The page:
Beer and Love and Robots: My time in VA-11 HALL-A.
“The usual,” the gruff news editor tells me as he grabs a seat at my bar. I’m not sure he’s been here enough times for there to really be a ‘usual’, but I do remember what he ordered on his last visit, so I mix up a big beer – it’s not quite the same when I need to mix five different chemicals together rather than just crack open a can, but it’ll do. If he’s happy enough (or drunk enough), maybe I can get a good story out of him before one of my android regulars shows up.
Just another night in VA-11 HALL-A.
VA-11 HALL-A: Cyberpunk Bartender Action, released originally in 2016 by developer Sukeban Games and now Switch and PS4 ports in 2019, presents itself pretty much exactly as you’d expect from the title.
You play as Jill, one of the bartenders at the titular establishment, and your time is divided between two main locations: your company-sponsored apartment, where you can browse various apps on your phone and talk to your cat, and VA-11 HALL-A, the bar where you work and interact with the rest of the cast.
Aside from a few side events which throw some fun variety into your story, most of Jill’s days are mechanically the same; she browses a few blogs and news sites, maybe does a little online shopping, and then heads for work, where she stocks the jukebox with a fresh set of tunes and opens for business.
The wrapper for the story involves consistently making enough money via preparing and serving drinks to pay the rent and keep the lights on (literally – I couldn’t pay my electric bill, which made my apartment dark for the rest of the game).
While the bartending mechanics are decent enough, however, the true meat of your playthrough will be found in the dialogue Jill has with the diverse and frequently fascinating array of patrons who drink there day after day.
Unlike some story-heavy games of this type, Jill doesn’t actually have any dialogue options available. This doesn’t mean that she has no influence on the story, though; her decisions on what types of drinks to serve can affect how other characters react. Sometimes this comes across more obviously than others, but the reactions that, say, a heavily alcoholic drink might elicit compared to something more soft never seemed out of place.
I didn’t miss the dialogue options, but if anything, a bit more autonomy for Jill might have added some interesting wrinkles to the story. You can’t refuse to serve someone, for instance, and you can’t mix a drink unless they’ve ordered something.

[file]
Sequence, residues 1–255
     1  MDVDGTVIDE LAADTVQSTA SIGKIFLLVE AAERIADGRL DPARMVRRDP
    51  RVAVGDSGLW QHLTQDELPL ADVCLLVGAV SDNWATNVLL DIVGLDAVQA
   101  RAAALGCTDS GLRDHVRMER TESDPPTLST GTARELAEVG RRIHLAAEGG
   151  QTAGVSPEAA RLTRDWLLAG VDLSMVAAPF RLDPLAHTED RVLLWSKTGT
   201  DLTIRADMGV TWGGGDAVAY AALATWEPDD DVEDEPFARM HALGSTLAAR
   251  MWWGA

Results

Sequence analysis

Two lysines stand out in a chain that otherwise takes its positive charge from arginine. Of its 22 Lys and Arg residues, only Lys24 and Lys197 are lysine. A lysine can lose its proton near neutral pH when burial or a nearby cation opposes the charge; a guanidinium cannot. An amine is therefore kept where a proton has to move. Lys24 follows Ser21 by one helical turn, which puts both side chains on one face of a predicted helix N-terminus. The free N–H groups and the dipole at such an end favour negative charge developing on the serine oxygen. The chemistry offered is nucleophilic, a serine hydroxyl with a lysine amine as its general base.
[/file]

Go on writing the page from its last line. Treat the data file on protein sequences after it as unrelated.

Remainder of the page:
The actual mixing interface works perfectly well, though, and the recipes for each drink are catalogued clearly and spelled out well, so you’ll likely never make something you didn’t intend.
Since you never get to directly explore the city outside of the bar and your apartment, the only real source of information you get about the state of society is through the customers Jill serves during her shifts. This is where VA11-HALL-A truly shines, because even though I didn’t see the first bit of action for myself, the writing felt so natural and expanded upon the world so well that it didn’t feel strange at all for “action” to be part of the title.
Glitch City, where the bar is located, has plenty of problems that will feel familiar to fans of futuristic dystopian fantasy: androids and other types of genetically-altered people are often in conflict with more ‘traditional’ humans, resource shortages make things tense for everyone, law enforcement has grown increasingly corrupt and violent, and those who have more are consistently looking down on and oppressing those who have less.
The characters you’ll interact with are dealing with all of these issues, in addition to their own personal conflicts and problems, which makes Jill’s job feel strangely familiar to anyone who’s ever had a service job that involved chatting up the clientele. A modern-day bartender might not have dealt with an incredibly cheerful robot sex worker or a talking, sunglasses-wearing Corgi coworker, after all, but coaching a regular-turned-friend through family drama seems perfectly within scope.
For me, a large part of the enjoyment of VA11 HALL-A was encountering new characters and becoming invested in their experiences and what they had to say, so I don’t want to reveal too much, but I will say that the story, while maybe not tying up all the loose ends that I would have liked, is stunningly scripted and felt quite natural to read through.
The characters have their own voices, and the interaction between those resulted in a group of friends for Jill that I felt fit together perfectly. She helps them through their troubles just as they eventually help her through hers, and although the ending – the one that I got, at least – seemed fairly ambiguous, that felt right for the story, too.
I did want to know more, but closure doesn’t always happen in life or in relationships, and in Jill’s case, that’s not necessarily a bad thing.